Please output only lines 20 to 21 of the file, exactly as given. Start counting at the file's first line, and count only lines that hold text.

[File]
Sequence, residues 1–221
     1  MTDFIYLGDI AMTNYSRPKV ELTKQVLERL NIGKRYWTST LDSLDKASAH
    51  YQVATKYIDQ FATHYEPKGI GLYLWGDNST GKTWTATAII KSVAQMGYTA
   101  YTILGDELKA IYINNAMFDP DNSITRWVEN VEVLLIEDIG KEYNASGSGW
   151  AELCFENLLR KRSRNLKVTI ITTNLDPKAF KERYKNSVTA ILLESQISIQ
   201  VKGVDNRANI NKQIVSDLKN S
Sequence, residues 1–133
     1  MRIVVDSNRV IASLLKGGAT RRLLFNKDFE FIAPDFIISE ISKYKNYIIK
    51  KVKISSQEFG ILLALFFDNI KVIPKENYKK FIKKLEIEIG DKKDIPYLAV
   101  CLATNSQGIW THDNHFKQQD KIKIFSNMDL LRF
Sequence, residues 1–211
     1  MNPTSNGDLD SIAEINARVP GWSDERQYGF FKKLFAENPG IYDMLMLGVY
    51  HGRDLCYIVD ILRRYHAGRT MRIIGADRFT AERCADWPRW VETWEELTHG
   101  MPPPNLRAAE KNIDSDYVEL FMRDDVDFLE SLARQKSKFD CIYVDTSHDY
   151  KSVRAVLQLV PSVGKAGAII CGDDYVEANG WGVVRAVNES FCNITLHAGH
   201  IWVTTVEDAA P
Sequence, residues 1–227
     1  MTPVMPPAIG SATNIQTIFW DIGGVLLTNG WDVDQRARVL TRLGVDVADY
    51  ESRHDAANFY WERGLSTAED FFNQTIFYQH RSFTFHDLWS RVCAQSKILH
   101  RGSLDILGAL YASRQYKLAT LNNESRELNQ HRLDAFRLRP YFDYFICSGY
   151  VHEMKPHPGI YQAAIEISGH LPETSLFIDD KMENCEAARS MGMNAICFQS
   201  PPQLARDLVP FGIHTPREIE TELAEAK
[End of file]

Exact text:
   101  RGSLDILGAL YASRQYKLAT LNNESRELNQ HRLDAFRLRP YFDYFICSGY
   151  VHEMKPHPGI YQAAIEISGH LPETSLFIDD KMENCEAARS MGMNAICFQS